Jewish children making boxes in the Glubokoye ghetto.
Karl Katz (Photo #08059)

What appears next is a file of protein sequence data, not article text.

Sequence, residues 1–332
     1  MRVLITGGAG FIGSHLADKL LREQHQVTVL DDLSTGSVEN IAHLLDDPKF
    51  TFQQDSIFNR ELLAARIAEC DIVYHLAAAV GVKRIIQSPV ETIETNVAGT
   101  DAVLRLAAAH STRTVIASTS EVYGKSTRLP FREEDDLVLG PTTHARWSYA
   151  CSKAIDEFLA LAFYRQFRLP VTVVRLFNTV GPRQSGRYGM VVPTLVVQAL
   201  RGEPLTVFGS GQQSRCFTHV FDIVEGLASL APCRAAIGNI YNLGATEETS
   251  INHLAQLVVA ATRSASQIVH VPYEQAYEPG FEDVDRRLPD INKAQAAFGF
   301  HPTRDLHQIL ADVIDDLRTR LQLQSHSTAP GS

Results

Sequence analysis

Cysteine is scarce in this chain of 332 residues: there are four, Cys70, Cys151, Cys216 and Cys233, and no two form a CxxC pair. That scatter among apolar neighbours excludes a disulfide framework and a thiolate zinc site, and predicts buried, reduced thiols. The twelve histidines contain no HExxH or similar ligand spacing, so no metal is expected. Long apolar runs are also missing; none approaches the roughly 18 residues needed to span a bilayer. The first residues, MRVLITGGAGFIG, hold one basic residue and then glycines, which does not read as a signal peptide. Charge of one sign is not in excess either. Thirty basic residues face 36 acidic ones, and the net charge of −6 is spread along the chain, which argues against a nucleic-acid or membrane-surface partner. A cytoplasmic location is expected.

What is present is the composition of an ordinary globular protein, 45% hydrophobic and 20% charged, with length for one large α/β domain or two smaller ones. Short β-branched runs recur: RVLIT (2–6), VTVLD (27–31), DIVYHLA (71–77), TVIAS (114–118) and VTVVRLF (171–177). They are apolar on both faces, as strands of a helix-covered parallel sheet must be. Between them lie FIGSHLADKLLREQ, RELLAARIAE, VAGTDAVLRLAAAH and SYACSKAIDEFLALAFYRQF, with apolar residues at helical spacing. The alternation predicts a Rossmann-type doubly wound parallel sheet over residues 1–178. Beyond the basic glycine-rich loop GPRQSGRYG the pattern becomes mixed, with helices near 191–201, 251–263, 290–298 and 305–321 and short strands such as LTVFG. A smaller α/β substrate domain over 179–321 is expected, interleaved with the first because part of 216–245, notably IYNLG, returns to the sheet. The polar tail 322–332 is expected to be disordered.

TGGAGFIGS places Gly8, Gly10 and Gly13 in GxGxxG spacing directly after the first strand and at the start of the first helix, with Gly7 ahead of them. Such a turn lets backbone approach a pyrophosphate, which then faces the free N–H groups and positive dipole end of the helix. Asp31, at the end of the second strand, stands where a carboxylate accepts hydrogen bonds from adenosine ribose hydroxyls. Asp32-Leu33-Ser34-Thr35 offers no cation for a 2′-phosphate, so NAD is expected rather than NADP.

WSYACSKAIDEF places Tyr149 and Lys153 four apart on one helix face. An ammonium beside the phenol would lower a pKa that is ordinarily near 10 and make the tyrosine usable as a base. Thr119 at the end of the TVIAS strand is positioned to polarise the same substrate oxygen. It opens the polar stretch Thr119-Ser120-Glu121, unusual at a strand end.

The ghetto in Glubokoye was established in November 1941. In addition to the local community, Jews from the surrounding towns of Szarkowszczyzna, Postawy and Plissa were moved into the ghetto, swelling its population to 6,000. The ghetto population was divided between those deemed fit for labor and those who were not. The forced laborers were put to work in numerous ghetto workshops doing carpentry, tanning leather, washing and ironing laundry, painting signs, working with metal, and manufacturing such things as hats, clothes, shoes, shoe polish, boxes, and cooking oil. Twenty-five hundred of those Jews considered unfit for work were killed in the nearby Borek Forest on June 19, 1942. Ultimately, the entire ghetto was liquidated in August 1943. About sixty Jews from Glubokoye survived the Holocaust.